Cap-and-trade legislation, similar to the EU's Emissions Trading Scheme, was narrowly approved by the House of Representatives in June 2009. Americans across the country, but especially in the heartland states that depend on energy-intensive industries, reacted overwhelmingly against the House vote. When senators returned to Washington after a week back in their states meeting with constituents, they decided not to take up the House bill, but instead turned to healthcare reform legislation, which enjoyed broader public support.

Cap-and-trade has been dead ever since. For a while, proponents tried to push cap-and-trade by calling it something else, such as "pollution reduction and investment incentives", but people weren't fooled. They now understood that these were just polite names for imposing a big, new indirect tax on them.

The 2010 congressional elections confirmed the end of cap-and-trade putting Republicans back in control of the House. Several prominent Democratic incumbents who had voted for it lost in stunning fashion.

That, of course, is not the end of the story. President Obama and Democrats in Congress have become deeply committed to a wide range of policies designed to reduce conventional energy production and consumption, to mandate energy efficiency and increased use of alternative energy, and to force people to pay more for electricity and motor fuel, even as the reason for this agenda has disappeared from public debate. Polls show that most people have stopped believing in global warming as a crisis or even as a problem that needs to be addressed. 

Partly, this is due to the economic crisis, but only partly. Despite the establishment media and America's bi-coastal elite (which are roughly equivalent to London's chattering classes) repeating over and over that there is an overwhelming scientific consensus that the scientific evidence for catastrophic global warming is overwhelming (and so on), many people who make stuff, dig up stuff and grow stuff for a living — and consequently have more practical knowledge of the material world than those who manipulate words or financial data — have refused to learn the lesson.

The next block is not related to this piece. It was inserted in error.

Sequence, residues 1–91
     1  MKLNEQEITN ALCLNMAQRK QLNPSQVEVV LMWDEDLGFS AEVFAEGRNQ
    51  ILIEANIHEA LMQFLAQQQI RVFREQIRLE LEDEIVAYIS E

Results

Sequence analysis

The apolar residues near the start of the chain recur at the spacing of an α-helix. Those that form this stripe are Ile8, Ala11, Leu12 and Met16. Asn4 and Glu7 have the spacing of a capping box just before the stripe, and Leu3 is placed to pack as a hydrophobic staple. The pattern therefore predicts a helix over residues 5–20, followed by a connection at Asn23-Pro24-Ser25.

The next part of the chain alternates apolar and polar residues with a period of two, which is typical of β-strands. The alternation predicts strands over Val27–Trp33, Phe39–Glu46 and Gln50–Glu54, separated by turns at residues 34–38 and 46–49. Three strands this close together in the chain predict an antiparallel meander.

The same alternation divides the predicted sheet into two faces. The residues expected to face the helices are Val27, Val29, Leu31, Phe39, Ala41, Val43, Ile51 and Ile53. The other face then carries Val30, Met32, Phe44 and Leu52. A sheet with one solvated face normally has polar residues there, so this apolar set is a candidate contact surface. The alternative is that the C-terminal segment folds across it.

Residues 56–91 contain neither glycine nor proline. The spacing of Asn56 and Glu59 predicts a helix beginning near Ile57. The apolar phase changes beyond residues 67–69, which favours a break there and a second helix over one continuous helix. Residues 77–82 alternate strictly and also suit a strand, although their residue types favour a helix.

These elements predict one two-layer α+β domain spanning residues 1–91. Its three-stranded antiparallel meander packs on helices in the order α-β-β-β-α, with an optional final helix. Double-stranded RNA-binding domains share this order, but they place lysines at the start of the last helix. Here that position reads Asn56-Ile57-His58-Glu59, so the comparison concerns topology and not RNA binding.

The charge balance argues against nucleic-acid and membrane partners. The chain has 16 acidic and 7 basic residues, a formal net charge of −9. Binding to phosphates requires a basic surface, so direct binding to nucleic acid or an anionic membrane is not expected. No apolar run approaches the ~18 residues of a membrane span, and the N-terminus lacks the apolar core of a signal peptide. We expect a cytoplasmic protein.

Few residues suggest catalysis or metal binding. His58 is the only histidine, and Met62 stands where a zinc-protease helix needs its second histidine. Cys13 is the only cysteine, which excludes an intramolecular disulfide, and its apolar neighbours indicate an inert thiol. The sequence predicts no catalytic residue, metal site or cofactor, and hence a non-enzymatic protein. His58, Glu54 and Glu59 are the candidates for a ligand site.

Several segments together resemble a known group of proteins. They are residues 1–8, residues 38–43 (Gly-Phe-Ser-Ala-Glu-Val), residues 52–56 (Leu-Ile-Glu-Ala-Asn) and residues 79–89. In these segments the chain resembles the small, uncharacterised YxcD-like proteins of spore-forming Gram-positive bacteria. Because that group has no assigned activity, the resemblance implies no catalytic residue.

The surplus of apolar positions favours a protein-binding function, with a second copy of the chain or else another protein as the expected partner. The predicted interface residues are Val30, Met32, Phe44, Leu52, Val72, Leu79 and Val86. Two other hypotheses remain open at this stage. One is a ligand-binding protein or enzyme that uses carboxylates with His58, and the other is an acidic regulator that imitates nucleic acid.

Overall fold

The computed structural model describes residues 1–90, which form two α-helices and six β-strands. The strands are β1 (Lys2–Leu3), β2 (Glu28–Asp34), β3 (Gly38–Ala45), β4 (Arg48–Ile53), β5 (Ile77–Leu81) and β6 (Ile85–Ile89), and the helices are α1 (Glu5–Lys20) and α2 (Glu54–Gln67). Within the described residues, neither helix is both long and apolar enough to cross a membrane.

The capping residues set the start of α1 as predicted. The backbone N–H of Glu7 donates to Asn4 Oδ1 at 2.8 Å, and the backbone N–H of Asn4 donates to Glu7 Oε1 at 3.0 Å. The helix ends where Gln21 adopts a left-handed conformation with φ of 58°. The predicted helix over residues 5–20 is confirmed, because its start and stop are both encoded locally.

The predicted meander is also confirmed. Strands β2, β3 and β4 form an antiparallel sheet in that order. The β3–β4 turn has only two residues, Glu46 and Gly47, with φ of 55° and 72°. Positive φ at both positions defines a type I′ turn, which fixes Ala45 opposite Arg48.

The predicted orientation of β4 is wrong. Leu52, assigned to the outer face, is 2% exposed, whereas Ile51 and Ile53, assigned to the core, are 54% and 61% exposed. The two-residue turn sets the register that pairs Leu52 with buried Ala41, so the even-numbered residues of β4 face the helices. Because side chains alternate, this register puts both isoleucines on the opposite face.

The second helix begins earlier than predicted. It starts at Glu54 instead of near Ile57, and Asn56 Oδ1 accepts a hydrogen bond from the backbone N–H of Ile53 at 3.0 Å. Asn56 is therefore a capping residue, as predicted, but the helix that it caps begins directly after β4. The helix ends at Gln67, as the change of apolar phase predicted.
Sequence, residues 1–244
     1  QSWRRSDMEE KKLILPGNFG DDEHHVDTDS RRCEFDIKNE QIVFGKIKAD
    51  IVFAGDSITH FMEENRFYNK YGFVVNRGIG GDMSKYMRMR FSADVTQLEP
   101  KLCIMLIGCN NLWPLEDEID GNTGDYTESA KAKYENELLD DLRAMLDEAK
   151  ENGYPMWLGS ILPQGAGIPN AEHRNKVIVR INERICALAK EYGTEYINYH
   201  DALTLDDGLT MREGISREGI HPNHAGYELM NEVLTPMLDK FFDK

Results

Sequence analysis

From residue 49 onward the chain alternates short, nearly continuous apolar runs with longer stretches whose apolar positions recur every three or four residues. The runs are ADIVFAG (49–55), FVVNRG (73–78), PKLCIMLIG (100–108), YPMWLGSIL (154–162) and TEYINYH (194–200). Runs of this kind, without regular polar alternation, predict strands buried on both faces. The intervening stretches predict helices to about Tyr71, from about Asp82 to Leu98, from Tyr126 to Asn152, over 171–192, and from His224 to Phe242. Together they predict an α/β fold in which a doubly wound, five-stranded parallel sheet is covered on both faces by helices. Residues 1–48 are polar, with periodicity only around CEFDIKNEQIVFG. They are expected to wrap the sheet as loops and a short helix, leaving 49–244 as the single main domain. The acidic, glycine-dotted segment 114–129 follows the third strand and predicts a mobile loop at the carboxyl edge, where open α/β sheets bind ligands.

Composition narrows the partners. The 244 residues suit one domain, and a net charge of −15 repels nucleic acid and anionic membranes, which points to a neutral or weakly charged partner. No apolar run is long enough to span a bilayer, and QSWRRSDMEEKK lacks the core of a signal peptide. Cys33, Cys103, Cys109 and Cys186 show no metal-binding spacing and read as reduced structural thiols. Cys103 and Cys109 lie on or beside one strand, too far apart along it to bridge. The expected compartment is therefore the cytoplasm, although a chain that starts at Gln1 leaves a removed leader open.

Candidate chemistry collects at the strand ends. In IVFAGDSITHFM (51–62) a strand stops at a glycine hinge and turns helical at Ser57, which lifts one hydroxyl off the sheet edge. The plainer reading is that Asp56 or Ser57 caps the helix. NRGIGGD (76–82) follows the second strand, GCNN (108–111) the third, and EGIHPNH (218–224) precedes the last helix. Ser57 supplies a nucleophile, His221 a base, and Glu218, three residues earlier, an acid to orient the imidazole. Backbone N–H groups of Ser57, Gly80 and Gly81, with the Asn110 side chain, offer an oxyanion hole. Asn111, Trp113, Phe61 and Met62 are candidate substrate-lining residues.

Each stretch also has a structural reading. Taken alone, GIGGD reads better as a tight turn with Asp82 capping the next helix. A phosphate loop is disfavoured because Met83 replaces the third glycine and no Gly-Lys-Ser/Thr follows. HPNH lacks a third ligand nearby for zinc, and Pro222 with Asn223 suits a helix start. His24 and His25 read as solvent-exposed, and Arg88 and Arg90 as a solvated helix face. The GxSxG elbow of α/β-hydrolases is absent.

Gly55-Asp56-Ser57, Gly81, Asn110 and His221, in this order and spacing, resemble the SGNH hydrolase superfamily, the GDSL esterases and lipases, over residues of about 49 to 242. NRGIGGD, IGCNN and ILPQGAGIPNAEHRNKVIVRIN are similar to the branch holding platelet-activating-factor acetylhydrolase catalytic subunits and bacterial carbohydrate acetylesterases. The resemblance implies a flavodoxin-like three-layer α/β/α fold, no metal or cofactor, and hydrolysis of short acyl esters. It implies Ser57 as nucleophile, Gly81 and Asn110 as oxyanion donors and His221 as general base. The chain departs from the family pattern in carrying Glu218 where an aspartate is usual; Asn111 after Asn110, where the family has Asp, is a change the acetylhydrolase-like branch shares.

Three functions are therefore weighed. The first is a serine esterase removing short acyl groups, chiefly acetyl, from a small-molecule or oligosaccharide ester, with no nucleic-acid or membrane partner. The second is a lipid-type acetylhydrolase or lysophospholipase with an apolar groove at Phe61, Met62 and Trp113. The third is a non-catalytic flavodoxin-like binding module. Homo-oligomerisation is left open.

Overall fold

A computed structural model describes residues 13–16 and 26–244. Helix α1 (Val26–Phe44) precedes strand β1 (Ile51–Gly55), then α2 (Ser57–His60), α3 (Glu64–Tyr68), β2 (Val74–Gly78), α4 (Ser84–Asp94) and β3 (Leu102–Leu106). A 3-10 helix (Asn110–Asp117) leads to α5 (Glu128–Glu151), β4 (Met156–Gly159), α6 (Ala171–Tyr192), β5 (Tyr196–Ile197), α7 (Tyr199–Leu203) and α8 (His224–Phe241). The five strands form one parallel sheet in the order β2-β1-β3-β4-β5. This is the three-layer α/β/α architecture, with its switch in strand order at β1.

Instead, they have had several glimpses behind the curtain of scientific consensus — most notably the Climategate scandal — and have found that global mean temperatures have risen by only a small fraction of what the computer modellers confidently predicted beginning in the late 1980s and have continued to predict with ever more confidence. They have also found that recent temperatures are no higher than those in the Medieval Warm Period, an era of human flourishing. And they have found that the dire effects of warming, such as accelerated sea level rise, are not occurring or are not likely to occur or have been vastly exaggerated.

Complementing the weak scientific case for alarm, many people have realised that warmer climates are more pleasant and healthier. That's why Americans move to Phoenix or Florida when they retire. If global warming theory turns out to be correct and winters become milder, then they may not be so eager to move from Michigan or New York.

And that's why President Obama dropped global warming and started talking about transforming America's boring old fossil fuel economy into an exciting new clean energy economy and replacing all those dirty jobs digging coal and drilling for oil with green jobs that are almost as desirable as practising law (well, not really). As Obama put it in June 2010: "As we recover from this recession, the transition to clean energy has the potential to grow our economy and create millions of jobs — but only if we accelerate that transition. Only if we seize the moment." For those not captivated by this vision, Obama warns that if we are unwilling to grow wealthier by replacing cheap fossil fuels with expensive but unreliable alternatives such as windmills, then we will lose the race to build tomorrow's technologies to China. (Note that China gets 80 per cent of its electricity from coal, while the US gets just under half.)